Mike Berthiaume Your Realtor in Windsor Essex

The University of Windsor sign is pictured on campus in Windsor, Ont., on Monday, Aug. 8, 2011.

The Windsor Star

WINDSOR, Ont. -- When it moves its art programs downtown, the University of Windsor intends to pioneer new ways of teaching the arts that it says would place the school at the cutting edge of creative expression.

Cecil Houston, dean of the school of arts and sciences, said the plan would see students from various disciplines crossing over from one form of expression to the others in a bid to produce new multimedia art forms for the digital age.

He said only Simon Fraser University in Vancouver has a similar emphasis on interdisciplinary art study, but the local school intends to take the concept much further.

When asked about the university’s plans to experiment with merging programs from music to the visual arts Houston cautiously ventured the Hollywood movie franchise Happy Feet as an example of what might be done, not necessarily with the content, but with the process.

“Combining different art forms to create new art,” said Houston.

“You take dance, music and visual art and come up with dancing penguins.... We want to see what we can create for ourselves with art, making the walls between disciplines more porous so you can walk between them, around them or avoid them totally.”

He said the goal is in tune with the way art is evolving among young artists in today’s digital world, where a computer can become a musical instrument as valid and worthy of study as a violin or trumpet.

“We had a brainstorming session back in June where we brought in leaders from Vancouver and Detroit to look at redefining or amalgamating (programs),” said Houston. “The old programs will continue to be offered. You can still study visual arts, media and film or music. But audiences are looking for something different.”

Houston added that the resulting projects could lead to more collaborations and ultimately generate economic activity for the region with the area possibly becoming a leader in artistic innovation. In addition, he said, the cutting edge programs offered would “create buzz” among students hoping to come to Windsor.

“We’re doing it in the space of a year and a bit,” he said. “We want to be ready for the school year of 2013 with improved and modernized (facilities) and our new downtown location” at the former armouries.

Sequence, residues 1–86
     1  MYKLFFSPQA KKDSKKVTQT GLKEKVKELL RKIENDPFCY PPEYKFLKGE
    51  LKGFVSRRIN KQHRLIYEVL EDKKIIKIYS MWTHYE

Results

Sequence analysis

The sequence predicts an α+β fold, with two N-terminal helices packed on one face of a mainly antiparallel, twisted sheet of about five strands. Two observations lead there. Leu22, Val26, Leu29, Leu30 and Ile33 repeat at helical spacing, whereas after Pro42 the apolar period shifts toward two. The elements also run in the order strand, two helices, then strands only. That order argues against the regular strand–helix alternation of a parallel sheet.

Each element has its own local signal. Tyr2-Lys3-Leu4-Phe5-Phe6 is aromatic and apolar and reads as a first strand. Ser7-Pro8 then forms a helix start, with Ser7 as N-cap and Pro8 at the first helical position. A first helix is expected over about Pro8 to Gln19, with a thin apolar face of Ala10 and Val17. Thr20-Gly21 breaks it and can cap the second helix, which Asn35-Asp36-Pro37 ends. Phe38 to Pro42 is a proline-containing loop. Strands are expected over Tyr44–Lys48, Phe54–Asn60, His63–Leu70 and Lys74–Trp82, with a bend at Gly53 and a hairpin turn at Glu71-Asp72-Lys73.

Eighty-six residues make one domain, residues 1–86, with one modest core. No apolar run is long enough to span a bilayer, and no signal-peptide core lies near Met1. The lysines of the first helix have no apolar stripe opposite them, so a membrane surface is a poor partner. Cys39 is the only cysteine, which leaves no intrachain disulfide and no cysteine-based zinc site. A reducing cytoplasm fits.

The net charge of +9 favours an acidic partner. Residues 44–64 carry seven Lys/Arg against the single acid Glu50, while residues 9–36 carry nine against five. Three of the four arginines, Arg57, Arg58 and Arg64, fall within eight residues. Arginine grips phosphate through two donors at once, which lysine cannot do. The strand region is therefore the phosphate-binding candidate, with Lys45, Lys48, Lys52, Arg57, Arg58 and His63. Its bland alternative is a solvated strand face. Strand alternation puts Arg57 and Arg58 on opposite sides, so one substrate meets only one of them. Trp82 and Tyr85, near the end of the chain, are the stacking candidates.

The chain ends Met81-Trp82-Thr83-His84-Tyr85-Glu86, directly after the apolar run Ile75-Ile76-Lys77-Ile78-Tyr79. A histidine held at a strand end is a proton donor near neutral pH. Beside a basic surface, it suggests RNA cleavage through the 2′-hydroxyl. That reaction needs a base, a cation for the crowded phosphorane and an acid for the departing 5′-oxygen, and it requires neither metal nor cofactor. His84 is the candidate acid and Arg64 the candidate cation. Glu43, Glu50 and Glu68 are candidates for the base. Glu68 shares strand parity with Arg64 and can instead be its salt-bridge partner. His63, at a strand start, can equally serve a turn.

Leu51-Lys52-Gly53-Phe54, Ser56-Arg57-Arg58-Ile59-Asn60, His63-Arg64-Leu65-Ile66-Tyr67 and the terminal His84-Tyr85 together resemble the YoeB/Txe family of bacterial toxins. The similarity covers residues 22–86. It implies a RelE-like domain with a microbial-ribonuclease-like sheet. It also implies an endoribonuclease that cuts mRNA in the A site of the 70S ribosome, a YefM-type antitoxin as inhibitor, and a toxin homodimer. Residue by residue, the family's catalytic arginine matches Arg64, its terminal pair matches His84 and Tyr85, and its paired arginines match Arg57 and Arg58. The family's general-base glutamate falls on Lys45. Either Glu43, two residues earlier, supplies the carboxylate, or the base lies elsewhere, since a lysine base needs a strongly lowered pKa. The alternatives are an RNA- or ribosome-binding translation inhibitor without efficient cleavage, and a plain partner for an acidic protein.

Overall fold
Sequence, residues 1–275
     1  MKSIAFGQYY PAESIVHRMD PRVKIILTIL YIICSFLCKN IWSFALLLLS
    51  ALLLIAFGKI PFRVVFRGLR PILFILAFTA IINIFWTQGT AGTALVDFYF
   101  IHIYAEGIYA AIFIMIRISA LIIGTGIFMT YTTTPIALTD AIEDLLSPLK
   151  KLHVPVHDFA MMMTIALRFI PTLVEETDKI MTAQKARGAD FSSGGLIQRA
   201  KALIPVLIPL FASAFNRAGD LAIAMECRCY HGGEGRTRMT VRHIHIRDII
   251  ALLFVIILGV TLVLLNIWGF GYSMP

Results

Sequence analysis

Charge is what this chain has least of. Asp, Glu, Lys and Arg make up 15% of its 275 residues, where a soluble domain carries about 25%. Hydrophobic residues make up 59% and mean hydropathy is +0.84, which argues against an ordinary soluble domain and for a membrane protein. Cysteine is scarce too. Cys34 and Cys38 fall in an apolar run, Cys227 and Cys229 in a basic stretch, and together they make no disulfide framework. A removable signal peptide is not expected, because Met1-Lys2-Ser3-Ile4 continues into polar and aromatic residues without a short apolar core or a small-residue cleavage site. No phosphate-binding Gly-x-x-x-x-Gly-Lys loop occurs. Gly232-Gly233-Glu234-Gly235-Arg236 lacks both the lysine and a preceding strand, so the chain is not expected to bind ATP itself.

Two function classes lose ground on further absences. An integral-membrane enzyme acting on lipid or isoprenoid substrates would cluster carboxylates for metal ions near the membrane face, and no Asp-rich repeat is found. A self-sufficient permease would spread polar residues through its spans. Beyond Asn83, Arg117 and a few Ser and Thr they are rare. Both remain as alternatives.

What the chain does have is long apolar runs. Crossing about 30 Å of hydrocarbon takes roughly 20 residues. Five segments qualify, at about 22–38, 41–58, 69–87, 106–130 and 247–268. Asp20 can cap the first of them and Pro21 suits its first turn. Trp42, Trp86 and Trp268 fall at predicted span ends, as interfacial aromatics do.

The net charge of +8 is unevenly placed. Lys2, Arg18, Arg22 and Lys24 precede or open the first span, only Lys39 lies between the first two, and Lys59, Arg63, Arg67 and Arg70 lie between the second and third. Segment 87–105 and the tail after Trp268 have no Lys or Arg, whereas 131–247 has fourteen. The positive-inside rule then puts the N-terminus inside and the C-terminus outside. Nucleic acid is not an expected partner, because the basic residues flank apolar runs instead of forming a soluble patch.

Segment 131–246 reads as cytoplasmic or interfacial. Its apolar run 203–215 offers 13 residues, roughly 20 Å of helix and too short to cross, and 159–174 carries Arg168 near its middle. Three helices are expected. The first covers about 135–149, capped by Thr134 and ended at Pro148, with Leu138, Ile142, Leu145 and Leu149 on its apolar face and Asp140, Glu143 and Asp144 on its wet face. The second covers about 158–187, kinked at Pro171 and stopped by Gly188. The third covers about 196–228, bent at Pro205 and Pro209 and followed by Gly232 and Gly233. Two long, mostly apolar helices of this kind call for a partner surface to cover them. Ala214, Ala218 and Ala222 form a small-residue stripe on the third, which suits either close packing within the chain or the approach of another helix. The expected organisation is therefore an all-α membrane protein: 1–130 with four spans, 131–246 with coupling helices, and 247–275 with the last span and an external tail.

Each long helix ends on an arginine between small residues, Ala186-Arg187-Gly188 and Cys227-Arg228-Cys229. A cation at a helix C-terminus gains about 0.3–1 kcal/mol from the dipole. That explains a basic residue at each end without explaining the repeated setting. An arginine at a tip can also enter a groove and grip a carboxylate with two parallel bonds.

He said that art and performance have become an integral part of North American culture as well as the economy and new technology is creating forms “that may have not even been thought of or even considered before.”

The new unit would include a permanent faculty of about 19 to deliver programs in visual art and music while introducing new programs in film production, sound and interdisciplinary arts, including art and architecture and a form of musical expression known as “sonic arts.” There will even be an option for students to design their own interdisciplinary degrees.

The university’s senate approved the merger of schools into a single administrative unit at its meeting last week.

“The administration is totally behind this,” said Houston. “They’re focused on making it happen,” he said. “We’d be alone in Ontario. This is something if we do well and create buzz and a cutting-edge spirit we could catch the attention of people across the province.”

He said “updating” the way the arts is presented in university “is a nice way to put it.”

“The arts and culture industry has changed significantly,” he said. “And this is a digital generation. It’s not like previous generations.”

Brenda Pelkey, director of the university’s school of visual arts, said artists have been increasingly exploring different forms of expression and utilizing various media. She called the program being developed “a new, bold approach” similar to the one at Simon Fraser, “but hopefully even more innovative.”

She said the challenge will be to develop curriculum. One aspect will be to teach leadership skills so students will be able to foster community engagement.







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